When the entire roof membrane consists of a highly flexible roof membrane, such as EPDM rubber, the membrane itself is turned down the outside edge of the wood blocking. But then, often the failure is due to an adhesive failure between the metal and the EPDM sheet. Water can then enter through the nail holes from the attachment of the gravel stop metal to the wood blocking.
The Architectural Sheet Metal Manual by the Sheet Metal and Air Conditioning Contractors National Association (SMACNA) tells us that a 10-foot-long piece of galvanized steel edge metal can be expected to move 5/64ths of an inch with a 100°F temperature change (hot day and cold night). That cyclical movement is enough to fatigue and eventually rupture the stripping plies.
In addition to the thermal problems, studies of roofing failures during high wind events reveals that most blow-offs begin with roof edge failure. As demonstrated by Metal-Era, one of the leading manufacturers of improved fascia design:
The roof is widely recognized as one of the most vulnerable parts of a building. Of the various components of a roof, the roof edge is the most critical because of the way in which wind acts on a building. Commonly the roof edge receives little attention. It is considered simply an add-on accessory; however, careful selection of an appropriately tested edge is necessary to guard against the effects of potential wind damage. In addition to longevity issues, a tested edge is required by building code in many states and municipalities.
A document that addresses wind effects on roof edges — ANSI/SPRI/FM 4435-ES-1 2010 Wind Design Standard for Edge Systems Used with Low Slope Roofing Systems — is available for download free of charge from Single Ply Roofing Industry (SPRI) at www.spri.org. Inside, you’ll find test methods to determine wind resistance of fascia and coping systems and resistance to membrane shrinkage. Building codes are incorporating ES-1 2010 into their requirements.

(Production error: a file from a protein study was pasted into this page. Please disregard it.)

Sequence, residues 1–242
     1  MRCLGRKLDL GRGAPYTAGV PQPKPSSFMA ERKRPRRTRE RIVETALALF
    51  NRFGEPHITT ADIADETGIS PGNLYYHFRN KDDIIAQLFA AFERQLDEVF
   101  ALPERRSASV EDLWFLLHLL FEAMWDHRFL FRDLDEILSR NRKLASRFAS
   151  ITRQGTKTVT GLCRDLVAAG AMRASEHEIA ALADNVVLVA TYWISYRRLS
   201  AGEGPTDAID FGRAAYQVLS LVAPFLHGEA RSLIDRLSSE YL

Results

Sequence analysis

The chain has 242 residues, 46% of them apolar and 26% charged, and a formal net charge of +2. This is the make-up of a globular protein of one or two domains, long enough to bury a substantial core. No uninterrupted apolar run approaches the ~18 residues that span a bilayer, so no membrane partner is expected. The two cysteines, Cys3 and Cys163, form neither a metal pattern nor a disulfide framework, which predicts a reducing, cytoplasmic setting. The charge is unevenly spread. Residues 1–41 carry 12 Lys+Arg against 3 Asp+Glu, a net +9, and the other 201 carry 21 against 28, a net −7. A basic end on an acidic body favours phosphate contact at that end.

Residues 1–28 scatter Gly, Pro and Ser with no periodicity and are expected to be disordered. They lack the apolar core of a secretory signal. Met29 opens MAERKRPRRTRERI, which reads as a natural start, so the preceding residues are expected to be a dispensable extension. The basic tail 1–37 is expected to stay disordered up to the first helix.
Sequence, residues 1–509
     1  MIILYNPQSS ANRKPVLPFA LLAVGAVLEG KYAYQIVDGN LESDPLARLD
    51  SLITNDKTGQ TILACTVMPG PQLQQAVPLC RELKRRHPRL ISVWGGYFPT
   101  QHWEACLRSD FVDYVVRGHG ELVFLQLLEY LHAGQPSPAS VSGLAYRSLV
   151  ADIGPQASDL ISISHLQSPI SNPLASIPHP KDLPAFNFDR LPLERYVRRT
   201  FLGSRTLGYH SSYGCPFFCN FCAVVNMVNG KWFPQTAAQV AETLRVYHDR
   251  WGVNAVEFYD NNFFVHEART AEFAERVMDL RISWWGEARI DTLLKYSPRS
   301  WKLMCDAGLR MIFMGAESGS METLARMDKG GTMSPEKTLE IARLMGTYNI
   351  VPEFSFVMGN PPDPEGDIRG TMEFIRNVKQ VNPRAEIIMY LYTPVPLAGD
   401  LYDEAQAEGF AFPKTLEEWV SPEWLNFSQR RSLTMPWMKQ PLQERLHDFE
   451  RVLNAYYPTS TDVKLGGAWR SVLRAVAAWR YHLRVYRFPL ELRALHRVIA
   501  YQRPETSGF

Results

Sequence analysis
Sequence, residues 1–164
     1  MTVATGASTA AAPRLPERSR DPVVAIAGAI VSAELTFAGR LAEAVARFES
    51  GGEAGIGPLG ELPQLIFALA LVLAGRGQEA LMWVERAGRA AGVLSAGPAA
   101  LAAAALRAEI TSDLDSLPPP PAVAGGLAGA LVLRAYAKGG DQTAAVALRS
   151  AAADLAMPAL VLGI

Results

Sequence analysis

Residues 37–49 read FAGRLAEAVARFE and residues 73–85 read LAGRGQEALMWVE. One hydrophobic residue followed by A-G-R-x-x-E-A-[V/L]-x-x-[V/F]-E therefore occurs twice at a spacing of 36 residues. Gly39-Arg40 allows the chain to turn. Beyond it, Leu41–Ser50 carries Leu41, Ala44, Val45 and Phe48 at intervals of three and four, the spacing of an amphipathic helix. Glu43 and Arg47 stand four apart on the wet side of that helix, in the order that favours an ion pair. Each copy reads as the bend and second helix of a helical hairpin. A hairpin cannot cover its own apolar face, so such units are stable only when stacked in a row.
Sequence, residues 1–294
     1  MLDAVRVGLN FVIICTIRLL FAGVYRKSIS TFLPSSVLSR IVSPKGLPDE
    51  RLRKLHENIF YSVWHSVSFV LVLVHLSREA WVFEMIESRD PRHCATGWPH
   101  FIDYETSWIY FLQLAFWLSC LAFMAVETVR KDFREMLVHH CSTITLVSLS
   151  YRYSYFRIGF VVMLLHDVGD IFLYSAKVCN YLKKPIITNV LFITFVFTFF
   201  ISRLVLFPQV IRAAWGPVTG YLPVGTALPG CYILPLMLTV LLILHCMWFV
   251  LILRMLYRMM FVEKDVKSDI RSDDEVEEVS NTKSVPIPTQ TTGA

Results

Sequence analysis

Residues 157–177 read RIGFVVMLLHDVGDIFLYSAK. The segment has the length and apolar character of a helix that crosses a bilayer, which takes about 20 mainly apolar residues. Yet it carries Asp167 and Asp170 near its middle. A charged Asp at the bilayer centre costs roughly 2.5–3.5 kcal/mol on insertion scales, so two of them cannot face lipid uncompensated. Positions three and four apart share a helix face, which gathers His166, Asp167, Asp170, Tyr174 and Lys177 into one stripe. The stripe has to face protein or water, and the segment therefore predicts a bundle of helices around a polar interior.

Still another issue with roof edges pertains to the wood nailers. Our industry has generally used treated wood for nailers. The treatment, copper chromium arsenate (CCA), is no longer available, and in its place, wood treated with higher levels of copper but no arsenic is supplied. This, in turn, has raised questions about galvanic corrosion between steel fasteners and the high copper content wood. This has lead to NRCA now recommending that untreated wood be used as blocking, rather than treated wood.
The good news is that we now have edge details available which meet both the wind resistance requirements of ES-1 2010 and the thermal problems of embedded metal.
Richard (Dick) L. Fricklas was technical director emeritus of the Roofing Industry Educational Institute prior to his retirement. He is co-author of The Manual of Low Slope Roofing Systems and continues to participate in seminars for the University of Wisconsin and RCI Inc. - The Institute of Roofing, Waterproofing, and Building Envelope Professionals. His honors include the William C. Cullen Award and Walter C. Voss Award from ASTM, the J. A. Piper Award from NRCA, and the James Q. McCawley Award from the MRCA. Dick holds honorary memberships in both ASTM and RCI Inc.
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